The generally acknowledged risks associated with statins: muscle pain, weakness, fatigue, peripheral neuropathy, and (in rare cases) rhabdomyolysis, a potentially fatal muscle disease,

However, several studies cited found higher cancer rates in people with low cholesterol levels. For example, it was disclosed that in the CARE trial, “there were 12 cases of breast cancer in the women taking Pravachol, compared with only one case in the untreated group.

Another unacknowledged risk associated with statin drugs: Transient global amnesia (TGA):

Duane Graveline, MD, a retired family doctor and former NASA scientist / astronaut recounted his own experience taking Lipitor for only six weeks. Soon after he went for a walk, Dr. Graveline “was found wandering, confused, and reluctant to enter his own home because he didn’t recognize it or remember his wife’s name.” Six hours later–after being examined by a neurologist and undergoing an MRI–he came to his senses. He had been diagnosed with TGA. But neither he nor his physician suspected Lipitor. Six weeks after he was restarted on the drug, he suffered far greater memory loss–no memory of his college years, medical school, or recent past: “Many decades of my life were obliterated.” Once again, TGA was diagnosed.

The report notes that amnesia is not acknowledged in the package insert. Dr. Graveline said “Thousands of cases of memory dysfunction have been reported to the FDA’s Medwatch program, “but after two years, the agency still hasn’t acted. And most practicing physicians are unaware of the problem.”

Dr. Joel M. Kauffman, research professor of chemistry and biochemistry at the University of the Sciences in Philadelphia explained how pharmaceutical sponsored drug trials avoid disclosing the most serious adverse risks: “In drug trials, the pharmaceutical companies often divide similar adverse effects into six or seven different categories to keep the scarier side effects under 1%.” To illustrate his point, Dr. Kauffman said that amnesia– a drug-induced effect for some patients–could be divided into confusion, memory loss, senility, and cognitive impairment.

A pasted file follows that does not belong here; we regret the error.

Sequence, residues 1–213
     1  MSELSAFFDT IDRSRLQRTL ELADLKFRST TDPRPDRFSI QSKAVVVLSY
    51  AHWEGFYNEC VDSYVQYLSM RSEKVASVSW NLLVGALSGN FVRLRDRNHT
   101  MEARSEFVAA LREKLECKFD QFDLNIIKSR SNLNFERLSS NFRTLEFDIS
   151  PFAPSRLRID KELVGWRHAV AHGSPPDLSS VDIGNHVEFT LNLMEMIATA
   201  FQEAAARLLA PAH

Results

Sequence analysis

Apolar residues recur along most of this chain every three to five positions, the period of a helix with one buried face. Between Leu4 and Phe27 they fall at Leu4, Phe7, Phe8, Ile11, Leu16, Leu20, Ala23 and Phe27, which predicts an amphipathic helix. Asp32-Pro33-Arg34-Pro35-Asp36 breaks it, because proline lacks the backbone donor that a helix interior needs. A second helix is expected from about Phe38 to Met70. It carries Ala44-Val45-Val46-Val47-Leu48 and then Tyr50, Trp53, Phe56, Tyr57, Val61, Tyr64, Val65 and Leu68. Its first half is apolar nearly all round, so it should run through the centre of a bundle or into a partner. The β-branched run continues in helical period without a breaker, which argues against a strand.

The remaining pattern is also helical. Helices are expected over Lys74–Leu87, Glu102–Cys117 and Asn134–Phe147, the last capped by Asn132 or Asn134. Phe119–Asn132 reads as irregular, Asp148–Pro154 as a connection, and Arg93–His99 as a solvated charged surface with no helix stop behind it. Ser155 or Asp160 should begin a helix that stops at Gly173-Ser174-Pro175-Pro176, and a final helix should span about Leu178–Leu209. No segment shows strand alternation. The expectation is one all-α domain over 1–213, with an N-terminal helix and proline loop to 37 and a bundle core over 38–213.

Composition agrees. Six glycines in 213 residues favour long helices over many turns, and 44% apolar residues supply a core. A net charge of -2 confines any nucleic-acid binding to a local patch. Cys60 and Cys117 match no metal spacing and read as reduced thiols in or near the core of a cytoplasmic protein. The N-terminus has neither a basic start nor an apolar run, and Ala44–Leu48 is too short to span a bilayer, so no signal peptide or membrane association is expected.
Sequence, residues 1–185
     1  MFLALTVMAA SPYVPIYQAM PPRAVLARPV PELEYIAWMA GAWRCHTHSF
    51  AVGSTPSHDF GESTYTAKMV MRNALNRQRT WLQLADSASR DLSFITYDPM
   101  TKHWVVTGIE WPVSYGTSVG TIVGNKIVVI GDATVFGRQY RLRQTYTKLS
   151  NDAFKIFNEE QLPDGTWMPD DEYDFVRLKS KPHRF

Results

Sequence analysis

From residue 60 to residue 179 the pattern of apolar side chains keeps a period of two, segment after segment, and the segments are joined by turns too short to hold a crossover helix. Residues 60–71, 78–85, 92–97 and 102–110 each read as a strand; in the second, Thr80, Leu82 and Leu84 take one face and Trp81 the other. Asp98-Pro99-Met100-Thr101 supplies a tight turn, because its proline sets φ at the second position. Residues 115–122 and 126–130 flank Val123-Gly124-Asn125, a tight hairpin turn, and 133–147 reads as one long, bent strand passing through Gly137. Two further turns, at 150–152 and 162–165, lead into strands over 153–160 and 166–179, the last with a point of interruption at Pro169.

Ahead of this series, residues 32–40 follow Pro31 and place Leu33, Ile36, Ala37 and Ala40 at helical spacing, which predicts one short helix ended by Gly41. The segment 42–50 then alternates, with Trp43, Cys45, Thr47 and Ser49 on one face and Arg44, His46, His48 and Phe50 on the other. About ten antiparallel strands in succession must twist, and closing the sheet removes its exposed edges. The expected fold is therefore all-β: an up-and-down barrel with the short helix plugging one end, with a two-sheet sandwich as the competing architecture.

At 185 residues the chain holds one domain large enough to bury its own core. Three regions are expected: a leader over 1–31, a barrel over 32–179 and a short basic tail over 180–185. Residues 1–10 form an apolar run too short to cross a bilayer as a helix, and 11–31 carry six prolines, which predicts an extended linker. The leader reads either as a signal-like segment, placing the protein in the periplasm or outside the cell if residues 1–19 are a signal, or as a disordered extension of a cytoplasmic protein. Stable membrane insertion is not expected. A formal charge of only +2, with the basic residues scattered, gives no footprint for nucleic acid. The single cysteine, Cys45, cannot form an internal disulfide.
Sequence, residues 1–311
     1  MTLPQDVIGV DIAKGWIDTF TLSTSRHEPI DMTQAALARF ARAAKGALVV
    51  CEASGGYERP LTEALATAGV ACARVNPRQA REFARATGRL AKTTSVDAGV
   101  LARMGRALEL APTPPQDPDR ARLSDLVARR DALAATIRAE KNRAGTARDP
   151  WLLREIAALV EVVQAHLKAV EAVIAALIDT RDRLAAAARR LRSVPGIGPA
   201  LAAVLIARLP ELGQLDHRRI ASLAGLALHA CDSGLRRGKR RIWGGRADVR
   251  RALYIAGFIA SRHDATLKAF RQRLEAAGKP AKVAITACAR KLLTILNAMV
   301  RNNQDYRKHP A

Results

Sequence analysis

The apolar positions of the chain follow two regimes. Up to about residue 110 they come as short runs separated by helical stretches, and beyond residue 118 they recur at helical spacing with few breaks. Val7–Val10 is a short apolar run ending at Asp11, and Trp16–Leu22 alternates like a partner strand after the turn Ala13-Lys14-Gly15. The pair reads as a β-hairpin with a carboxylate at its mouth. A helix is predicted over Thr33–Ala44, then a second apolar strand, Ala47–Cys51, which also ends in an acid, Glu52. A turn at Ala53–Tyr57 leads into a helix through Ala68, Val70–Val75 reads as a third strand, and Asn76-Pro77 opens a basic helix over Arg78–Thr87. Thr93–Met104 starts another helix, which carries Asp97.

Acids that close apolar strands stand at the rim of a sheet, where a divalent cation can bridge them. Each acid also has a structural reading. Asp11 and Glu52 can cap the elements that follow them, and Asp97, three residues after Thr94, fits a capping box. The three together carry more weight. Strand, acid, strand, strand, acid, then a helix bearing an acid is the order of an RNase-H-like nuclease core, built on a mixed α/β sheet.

In hindsight, Dr. Graveline said he questioned why he took Lipitor in the first place?

The cholesterol case is a stunning reminder that drug therapies are often hyped without scientific supporting evidence and that they can cause more harm than good.

Clearly, this serious challenge to the practice of widely prescribing statins (cholesterol lowering drugs)–Lipitor, Mevacor, Zocor, Lescol, Crestor, Advicor–is not what manufacturers of these blockbuster drugs want the public to know. The conference was held last spring in Arlington, Va. One wonders about the silence of the medical establishment and the press.

Thanks to Nicholas Regush of RedFlagsWeekly for alerting us to this important report.

By Maryann Napoli (June 2003)